Happy 20th Anniversary,  Irving Park Labyrinth! (1995-1998)

Happy 20th Anniversary, Irving Park Labyrinth! (1995-1998)

Above: Walking Irving Park Labyrinth on its 20th Anniversary are Dorothy Rich (left), Terry Loeppky, Candis Elliott, Joan McHardy, and Jordan Zinovich (right). (Adele Haft, photographer)

Part 1/4: Irving Park Labyrinth, A Treasure to Preserve  

By Adele J. Haft     Inspired by Jordan Zinovich 

Much of the continuing and immediate appeal of the labyrinth is that...its complexity is indeed very simple.... Its design is one of mankind’s earliest original artistic creations, a shape not copied from a world anyone saw...but an act of the imagination.

―David Willis McCullough 

Twenty years ago, James Bay acquired Irving Park Labyrinth, a treasure that is still a surprise to many. Though obvious from neighbouring highrises, its sinuous spirals remain “hidden in plain sight” within the park’s back corner (Rayne 2010). Since 2015, entrance signs on Menzies and Michigan Streets have beckoned us toward it. A gravel path created for the Labyrinth sweeps us past 21 shirofugen cherry trees that semi-circle around it. Nearby, a plaque announces that the trees are a 2002 gift from the Cherry Blossoms Group to build “bridges of friendship” between Japan and Canada. 

Exactly twenty years later, at 7:30 PM on July 29, 2019, six James Bay residents met at Irving Park Labyrinth (IPL or “the Labyrinth”) to celebrate the anniversary of its opening. Together, they walked the Labyrinth, to whose existence and longevity so many had contributed. This piece, the first of four, is dedicated to the creative cast who brought Irving Park Labyrinth to life. 

First is Candis Elliott, the Labyrinth’s muse. In 1995, she’d read an article about a replica of the medieval labyrinth at Chartres Cathedral that the Reverend Lauren Artress had installed inside San Francisco’s Grace Cathedral. The article inspired Elliott, who recognized the labyrinth’s potential as a “community development tool” (1). She decided that James Bay needed one of its own. As community development worker for the James Bay Community Project (JBCP), Elliott understood the extent to which churches were losing congregants, and even their places of worship. She also realized that her neighbours still craved connections with their community and “sacred” spaces within it. A labyrinth, whose history spans thousands of years―and encompasses religions and cultures separated by time, temperament, and geography―could satisfy both cravings and act “as a spiritual and community centre for James Bay” (Switzer & Switzer 2007; Goldsworthy 2000/2001), especially if it were located in a public space, accessible to everyone.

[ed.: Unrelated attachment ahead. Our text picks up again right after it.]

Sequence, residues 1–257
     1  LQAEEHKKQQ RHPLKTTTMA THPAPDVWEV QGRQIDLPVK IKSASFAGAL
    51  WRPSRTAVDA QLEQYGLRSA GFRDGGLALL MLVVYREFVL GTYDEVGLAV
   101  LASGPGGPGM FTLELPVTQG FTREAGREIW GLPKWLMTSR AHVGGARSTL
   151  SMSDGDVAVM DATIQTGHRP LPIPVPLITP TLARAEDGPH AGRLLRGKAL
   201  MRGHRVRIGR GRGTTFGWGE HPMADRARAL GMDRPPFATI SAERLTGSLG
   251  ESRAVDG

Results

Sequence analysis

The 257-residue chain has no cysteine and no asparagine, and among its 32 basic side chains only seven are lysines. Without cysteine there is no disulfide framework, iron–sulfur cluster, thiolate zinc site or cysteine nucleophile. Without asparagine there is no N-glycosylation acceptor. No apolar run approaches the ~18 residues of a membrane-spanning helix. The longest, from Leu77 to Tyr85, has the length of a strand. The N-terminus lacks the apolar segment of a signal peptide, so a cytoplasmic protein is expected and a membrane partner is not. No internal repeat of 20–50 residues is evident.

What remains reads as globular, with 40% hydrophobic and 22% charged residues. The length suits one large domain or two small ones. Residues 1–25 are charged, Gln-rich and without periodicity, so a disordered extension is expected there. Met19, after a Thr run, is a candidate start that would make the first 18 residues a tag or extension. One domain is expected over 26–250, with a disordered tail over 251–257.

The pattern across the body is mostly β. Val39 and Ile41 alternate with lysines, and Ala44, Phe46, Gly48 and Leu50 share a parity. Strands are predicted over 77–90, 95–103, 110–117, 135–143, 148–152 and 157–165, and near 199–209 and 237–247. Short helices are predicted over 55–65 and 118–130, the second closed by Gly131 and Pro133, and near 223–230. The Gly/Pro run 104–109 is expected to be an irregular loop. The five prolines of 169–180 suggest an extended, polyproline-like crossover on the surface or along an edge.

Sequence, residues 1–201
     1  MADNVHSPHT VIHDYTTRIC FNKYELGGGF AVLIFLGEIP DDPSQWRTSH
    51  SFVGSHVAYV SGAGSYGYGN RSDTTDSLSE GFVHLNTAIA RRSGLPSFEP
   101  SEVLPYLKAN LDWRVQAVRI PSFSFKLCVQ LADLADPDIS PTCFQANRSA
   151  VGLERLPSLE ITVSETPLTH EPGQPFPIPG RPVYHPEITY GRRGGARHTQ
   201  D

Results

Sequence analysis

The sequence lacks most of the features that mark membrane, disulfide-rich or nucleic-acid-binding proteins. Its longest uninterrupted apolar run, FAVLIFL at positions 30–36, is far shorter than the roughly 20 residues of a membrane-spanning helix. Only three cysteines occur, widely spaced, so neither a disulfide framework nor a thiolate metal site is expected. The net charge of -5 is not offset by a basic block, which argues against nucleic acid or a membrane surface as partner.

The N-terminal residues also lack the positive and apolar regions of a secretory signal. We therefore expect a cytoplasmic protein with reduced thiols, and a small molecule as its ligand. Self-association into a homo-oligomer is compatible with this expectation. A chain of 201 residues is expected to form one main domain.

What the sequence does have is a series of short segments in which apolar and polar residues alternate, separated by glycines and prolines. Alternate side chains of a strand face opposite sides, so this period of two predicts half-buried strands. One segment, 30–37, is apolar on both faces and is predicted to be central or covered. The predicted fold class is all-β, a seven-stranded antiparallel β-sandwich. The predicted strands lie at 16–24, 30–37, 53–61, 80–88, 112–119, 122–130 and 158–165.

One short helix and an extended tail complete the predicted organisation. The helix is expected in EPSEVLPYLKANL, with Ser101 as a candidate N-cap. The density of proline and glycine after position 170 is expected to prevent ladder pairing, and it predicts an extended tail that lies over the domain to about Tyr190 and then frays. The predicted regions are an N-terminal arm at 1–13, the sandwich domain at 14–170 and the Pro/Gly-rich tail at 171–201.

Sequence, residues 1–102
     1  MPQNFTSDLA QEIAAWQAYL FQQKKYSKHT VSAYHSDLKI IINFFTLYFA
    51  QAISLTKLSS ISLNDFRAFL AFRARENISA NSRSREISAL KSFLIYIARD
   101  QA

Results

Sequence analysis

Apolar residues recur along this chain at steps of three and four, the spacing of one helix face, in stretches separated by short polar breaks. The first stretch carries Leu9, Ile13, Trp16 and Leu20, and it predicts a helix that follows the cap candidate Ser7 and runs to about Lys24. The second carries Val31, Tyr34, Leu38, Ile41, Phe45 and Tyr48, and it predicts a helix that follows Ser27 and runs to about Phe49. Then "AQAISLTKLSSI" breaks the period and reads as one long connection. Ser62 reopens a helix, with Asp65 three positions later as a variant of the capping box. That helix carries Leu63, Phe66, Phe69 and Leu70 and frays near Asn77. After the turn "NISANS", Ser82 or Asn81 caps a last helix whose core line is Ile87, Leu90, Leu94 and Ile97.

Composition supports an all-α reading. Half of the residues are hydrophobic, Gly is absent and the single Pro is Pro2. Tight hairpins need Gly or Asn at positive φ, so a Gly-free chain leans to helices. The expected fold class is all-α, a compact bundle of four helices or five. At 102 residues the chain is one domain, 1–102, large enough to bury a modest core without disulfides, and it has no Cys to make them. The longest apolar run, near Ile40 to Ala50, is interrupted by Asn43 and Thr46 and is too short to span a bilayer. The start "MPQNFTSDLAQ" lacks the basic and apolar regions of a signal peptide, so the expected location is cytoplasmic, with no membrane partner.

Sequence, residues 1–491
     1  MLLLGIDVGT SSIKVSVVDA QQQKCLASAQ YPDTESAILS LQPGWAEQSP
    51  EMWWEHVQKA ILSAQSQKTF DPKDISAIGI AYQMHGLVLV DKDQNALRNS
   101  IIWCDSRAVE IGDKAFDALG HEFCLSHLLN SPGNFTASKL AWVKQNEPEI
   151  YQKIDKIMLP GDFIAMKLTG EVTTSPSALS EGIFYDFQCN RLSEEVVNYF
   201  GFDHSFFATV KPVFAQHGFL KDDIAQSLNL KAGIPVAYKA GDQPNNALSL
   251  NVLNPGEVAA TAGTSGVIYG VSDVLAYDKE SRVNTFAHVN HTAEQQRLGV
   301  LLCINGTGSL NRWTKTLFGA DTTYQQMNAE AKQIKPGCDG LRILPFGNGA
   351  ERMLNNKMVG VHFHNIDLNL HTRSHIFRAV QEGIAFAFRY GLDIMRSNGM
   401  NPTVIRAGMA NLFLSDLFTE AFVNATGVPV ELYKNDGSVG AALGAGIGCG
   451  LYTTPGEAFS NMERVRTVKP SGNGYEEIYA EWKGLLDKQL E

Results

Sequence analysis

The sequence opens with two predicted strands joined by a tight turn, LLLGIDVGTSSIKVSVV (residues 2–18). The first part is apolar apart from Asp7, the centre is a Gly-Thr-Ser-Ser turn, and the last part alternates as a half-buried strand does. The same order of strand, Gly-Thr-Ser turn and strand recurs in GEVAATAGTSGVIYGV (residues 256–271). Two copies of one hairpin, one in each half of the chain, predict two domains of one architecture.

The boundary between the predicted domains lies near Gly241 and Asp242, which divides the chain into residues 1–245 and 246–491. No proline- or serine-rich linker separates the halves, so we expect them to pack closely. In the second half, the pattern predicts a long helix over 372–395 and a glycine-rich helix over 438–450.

Irving Park fits the bill. The intimate park is kitty-corner to the enormous block immediately south of the Legislature. Today, our new library sxʷeŋxʷəŋ təŋəxʷ is part of a mixed-use development plan of Capital Park based on the Victoria Accord (1992-1994), an agreement between the Province of British Columbia and the City of Victoria (2). Knowing that the Province and the City were committed to revitalizing Irving Park as part of the Victoria Accord, Elliott shared her idea of a James Bay labyrinth at a community meeting about the use of park space (3). After approval from the Neighbourhood Environment Association (NEA), the Labyrinth Working Group of the JBCP was formed. Hoping to encourage more community use of Irving Park, especially of the “underutilized area” in the far corner (4), the committee began working with the City Parks Department to have a labyrinth installed in the public park (5). With their feedback and the support of other participating community groups―the James Bay School, NEA, Youth Centre, and James Bay New Horizons (6) ― Elliott secured funding for the Labyrinth: $5,000 from a “Victoria Accord park improvement grant” and a matching grant of $4,000 from the City of Victoria in the form of a Neighbourhood Development Grant (7). The City and JBCP became partners (Ross 2013), with Elliott acting as the interface between the Labyrinth Working Group (LWG) and the City. 

Dr. Joan McHardy was another pivotal member of the committee. McHardy first learned about labyrinths and mazes from her grandmother, with whom she also shared the joy of imaginative and cultural storytelling. Well aware that “labyrinth” and “maze” have been synonyms throughout most of their history (McCullough 2005, 219-20), Joan also knew that Irving Park Labyrinth embodies the distinction made between them in the past generation. A maze is a puzzle with high walls, diverging paths and dead-ends meant to challenge, confuse, frighten or simply amaze. A Minotaur may lurk in its centre; and Theseus, should he survive, would need Ariadne’s thread to retrace his steps. Today, Vancouver Island corn and blueberry mazes resemble the 17th-century garden maze in England’s Hampton Court Palace: tame, commercial, and extremely popular with families. By contrast, a labyrinth is wide open and features a single path: you can’t get lost no matter how complex its circuits may be as they double back and forth unerringly toward the centre. Thus, labyrinths—like the one in Irving Park—offer a calm, quiet space for meditating, healing, resolving problems, working through grief, escaping routine, finding inspiration, being in the moment, and having fun. At its opening in July 1999, McHardy would speak about the potential benefits of Irving Park Labyrinth.